been produced in China for many centuries, but each dynastic
period seemed to have its own popular style of ceramics.
This is certainly true of the Tang dynasty, which
lasted from AD 618-906.
Pottery and ceramic production is said to have
progressed tremendously during the Tang dynasty, with many
new techniques in glazing, firing, and color mixing being
developed. Many pottery pieces from the Tang dynasty were used as tomb
figures and furnishings for prominent members of Tang
society; this has allowed the historians and archaeologists
who have excavated these pieces to learn a great deal about
Tang pottery production techniques, colors used, and
Tang pottery was a part of the evolution of Chinese
porcelain and pottery production, which dates back
use of pottery figures as "grave goods" is
relatively recent in comparison, and started around 300 B.C. The Tang dynasty followed the brief Sui dynasty (561-618).
What the Sui dynasty lacked in duration it made up
for in innovation, and in this brief period China built many
new roads and canals. With
this new infrastructure in place, the rulers of the Tang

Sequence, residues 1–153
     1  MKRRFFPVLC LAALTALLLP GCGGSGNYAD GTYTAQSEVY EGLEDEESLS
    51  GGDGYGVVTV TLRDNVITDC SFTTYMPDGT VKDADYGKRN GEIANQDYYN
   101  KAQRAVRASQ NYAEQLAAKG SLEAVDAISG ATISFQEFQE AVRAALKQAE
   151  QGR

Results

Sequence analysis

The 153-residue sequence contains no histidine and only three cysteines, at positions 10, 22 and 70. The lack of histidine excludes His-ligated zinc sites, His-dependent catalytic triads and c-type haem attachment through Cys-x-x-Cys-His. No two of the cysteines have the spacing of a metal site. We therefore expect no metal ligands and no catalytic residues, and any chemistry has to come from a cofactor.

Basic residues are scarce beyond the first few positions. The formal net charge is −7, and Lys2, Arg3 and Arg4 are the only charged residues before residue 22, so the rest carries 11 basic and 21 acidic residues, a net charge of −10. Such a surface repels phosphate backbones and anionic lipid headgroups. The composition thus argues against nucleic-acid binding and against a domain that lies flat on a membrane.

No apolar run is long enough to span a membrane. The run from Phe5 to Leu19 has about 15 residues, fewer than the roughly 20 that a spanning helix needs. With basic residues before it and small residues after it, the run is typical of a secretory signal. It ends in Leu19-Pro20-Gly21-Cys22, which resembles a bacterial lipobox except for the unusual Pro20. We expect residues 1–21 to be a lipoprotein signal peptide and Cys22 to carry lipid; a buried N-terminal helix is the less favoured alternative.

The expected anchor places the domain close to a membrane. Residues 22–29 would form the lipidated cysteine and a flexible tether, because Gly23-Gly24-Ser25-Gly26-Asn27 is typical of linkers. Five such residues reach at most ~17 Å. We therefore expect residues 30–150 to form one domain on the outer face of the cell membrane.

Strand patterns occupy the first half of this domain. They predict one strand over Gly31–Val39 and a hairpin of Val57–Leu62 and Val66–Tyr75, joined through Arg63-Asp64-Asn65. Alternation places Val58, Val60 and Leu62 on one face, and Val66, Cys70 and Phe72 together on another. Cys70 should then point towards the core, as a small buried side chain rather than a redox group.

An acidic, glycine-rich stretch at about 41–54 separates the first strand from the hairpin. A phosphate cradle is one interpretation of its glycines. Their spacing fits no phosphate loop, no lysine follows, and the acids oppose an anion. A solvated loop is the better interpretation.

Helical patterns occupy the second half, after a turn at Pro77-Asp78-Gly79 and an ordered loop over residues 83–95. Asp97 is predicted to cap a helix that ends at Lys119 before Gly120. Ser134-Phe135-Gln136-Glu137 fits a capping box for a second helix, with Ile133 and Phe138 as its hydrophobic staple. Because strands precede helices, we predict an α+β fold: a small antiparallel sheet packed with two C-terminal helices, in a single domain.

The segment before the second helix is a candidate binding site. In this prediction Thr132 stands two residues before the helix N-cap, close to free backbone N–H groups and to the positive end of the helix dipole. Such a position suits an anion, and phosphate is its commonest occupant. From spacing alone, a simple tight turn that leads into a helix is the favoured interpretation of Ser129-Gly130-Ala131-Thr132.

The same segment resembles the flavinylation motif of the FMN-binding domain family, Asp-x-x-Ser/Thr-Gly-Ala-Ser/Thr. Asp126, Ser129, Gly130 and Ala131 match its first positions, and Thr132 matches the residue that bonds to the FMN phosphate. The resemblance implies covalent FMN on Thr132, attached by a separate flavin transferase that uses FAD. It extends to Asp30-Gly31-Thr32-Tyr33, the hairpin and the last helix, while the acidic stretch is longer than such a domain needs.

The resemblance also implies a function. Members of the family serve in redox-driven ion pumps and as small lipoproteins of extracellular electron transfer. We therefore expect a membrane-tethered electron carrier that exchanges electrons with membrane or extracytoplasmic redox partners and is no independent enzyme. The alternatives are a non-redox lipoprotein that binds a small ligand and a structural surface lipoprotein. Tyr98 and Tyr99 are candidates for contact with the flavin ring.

dynasty were able to expand westwards, coming into contact
with new trading partners from Europe and Asia.
The Tang period is also considered a "golden
age" during which there was a new focus on art and
culture through patronage by the ruling elite, particularly
the emperor Xuantong.
introduced several new techniques, including the use of the
"sancai" which were three-colored glazes with a
lead-silicate base. The colors were basic variations of brown, greens, and blues:
blues were produced by adding cobalt oxide to a transparent
glaze, greens by adding copper oxide, and browns by adding
iron oxide. The brown glazes had the widest color range, ranging from
light yellow to orange and deep brown.
was also heavily influenced by the societies that Chinese
traders and diplomats came into contact with.
Shapes and patterns from Central Asia, Persia,
Greece, and India were blended together with traditional
Chinese subjects; ewer pitchers, for example, appeared with
Chinese characters and patterns painted on them.
Saddled horses, three-colored camels, dancers, and
warriors were also produced: these figures were included in
the tomb so that they could serve the deceased in the
Tang pottery pieces were hand sculpted or were built using
different pieces of clay, while pitchers and other vessels
were thrown on the traditional potter's wheel.
genuine Tang dynasty pieces are mostly confined to museums
and are rarely found for sale, a new industry has developed
using the Tang style to produce new pieces. These pieces
allow collectors and art aficionados to experience the
bright colors, unique styles, and fantastic subjects that
were prominent in China more than 1,100 years ago.